Stress Management Techniques
In the context of the 21st century, stress has become one of the most widespread and contradictive notions in terms of human lifestyle. People from all around the world are trying to define the most beneficial ways to eradicate stress from their lives with the help of various coping mechanisms and techniques. However, the major issue of stress management lies in the fact that the matter itself is highly individual, and there is no way to define universally appropriate stress relief methods. Thus, in terms of the following presentation, the methods of meditation and progressive muscle relaxation (PMR) will be analyzed on the subject of their efficiency and relevance in today’s lifestyle context.
To begin with, it is of crucial importance to define both notions to estimate their implications in terms of the issue combating. Thus, according to Gutierrez et al. (2016), meditation is a strategy for emotional regulation and self-care that presupposes keeping one’s mind focused on a particular activity to train awareness and self-perception. Many people nowadays consider meditation to be one of the quickest and most efficient ways to take control over self and, hence, develop one’s emotional intelligence (EI). Another technique, called progressive muscle relaxation (PMR), implies a close correlation between one’s emotional state and muscle functioning. According to the researchers, the sequence of contracting and relaxing one’s muscles is an efficient way to reduce stress levels (Nalawade & Nikhade, 2016).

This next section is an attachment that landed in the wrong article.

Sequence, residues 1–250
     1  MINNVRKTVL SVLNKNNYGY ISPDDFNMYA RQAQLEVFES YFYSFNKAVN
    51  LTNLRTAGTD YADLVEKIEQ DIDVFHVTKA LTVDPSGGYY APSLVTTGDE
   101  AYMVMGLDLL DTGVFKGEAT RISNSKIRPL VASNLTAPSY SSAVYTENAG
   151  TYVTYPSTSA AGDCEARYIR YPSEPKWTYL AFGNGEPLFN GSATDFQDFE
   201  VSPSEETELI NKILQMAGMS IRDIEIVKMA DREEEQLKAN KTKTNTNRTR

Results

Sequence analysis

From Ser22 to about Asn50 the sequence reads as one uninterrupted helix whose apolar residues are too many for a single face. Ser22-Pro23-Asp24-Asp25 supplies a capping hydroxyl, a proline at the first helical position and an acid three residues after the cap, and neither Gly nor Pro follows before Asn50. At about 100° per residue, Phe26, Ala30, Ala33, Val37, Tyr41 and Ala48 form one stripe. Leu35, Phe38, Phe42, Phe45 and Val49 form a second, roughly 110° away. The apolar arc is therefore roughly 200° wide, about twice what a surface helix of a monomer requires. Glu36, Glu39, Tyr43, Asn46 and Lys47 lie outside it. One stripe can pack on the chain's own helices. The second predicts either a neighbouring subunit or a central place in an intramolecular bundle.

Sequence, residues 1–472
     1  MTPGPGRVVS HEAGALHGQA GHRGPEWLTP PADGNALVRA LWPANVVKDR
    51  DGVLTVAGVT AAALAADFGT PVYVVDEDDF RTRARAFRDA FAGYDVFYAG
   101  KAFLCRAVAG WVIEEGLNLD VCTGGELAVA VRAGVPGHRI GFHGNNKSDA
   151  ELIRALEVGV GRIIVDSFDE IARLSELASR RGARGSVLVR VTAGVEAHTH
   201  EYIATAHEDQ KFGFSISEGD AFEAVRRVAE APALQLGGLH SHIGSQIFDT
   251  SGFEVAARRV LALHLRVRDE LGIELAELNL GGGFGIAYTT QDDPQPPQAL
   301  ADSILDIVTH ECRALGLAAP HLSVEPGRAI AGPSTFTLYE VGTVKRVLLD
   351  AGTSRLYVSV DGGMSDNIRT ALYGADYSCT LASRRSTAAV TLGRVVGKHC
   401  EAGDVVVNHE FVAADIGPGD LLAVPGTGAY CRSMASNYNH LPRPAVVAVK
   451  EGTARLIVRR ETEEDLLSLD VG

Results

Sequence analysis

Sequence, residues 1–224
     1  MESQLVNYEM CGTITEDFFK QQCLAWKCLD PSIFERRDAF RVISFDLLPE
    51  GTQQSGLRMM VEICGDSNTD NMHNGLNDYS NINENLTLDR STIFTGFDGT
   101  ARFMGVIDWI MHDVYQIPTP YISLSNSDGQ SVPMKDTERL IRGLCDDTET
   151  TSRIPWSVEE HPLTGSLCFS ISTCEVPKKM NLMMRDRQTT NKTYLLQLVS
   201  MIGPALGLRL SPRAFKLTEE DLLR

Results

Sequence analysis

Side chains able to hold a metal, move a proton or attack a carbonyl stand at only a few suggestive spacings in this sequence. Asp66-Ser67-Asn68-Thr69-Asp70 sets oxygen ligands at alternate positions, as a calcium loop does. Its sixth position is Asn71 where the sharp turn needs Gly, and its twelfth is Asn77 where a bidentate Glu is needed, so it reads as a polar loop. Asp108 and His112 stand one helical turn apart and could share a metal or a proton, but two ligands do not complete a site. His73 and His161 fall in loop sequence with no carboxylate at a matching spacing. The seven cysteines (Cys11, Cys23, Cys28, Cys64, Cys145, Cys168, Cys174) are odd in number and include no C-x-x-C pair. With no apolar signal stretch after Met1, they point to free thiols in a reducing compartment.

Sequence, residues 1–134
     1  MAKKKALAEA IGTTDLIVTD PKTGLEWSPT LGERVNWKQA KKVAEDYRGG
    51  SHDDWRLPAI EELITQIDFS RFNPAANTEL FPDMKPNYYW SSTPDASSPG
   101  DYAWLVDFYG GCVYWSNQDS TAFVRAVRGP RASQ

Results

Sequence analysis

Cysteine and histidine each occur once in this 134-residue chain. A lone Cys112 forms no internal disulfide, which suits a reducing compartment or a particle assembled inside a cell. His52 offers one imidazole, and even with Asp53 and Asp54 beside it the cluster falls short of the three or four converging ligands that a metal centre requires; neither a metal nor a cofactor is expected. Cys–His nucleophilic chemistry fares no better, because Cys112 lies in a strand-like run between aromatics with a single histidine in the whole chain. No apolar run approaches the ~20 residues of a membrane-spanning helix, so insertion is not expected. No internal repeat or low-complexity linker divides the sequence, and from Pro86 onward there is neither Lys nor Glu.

Speaking of meditation, the very process of the methodology, along with its frequency, is a highly individual matter that requires one’s effort calculation to anticipate positive procedure outcomes. Generally speaking, the process of meditation takes from 5 to 20 minutes every day regardless of location and any other additional materials. Moreover, many mobile applications include step-to-step instructions on how to make meditation a part of one’s daily routine. In most cases, people who practice meditation are to focus on their breath to learn how to stay in the moment without forcing themselves to think everything through all the time. As a result, people reduce emotional tension and focus on their presence in a certain setting and mindfulness. The process of PMR, in its turn, requires a sequence of exercises encompassing tension and relaxation of the face, arms, chest, and leg muscles that eventually lead to one’s calm breath.
Effects on the Body and Mind
Both of the techniques on stress reduction have a tremendous impact on one’s body and mind because stress could only be eradicated when both implications on the physical and mental state are handled. However, while meditation is mostly focused on developing mindfulness, PMR aims at reducing emotional stress through relieving muscular tension. Hence, their work patterns are extremely different in terms of the initial approach, whereas the end goal remains the same.
How Does It Work?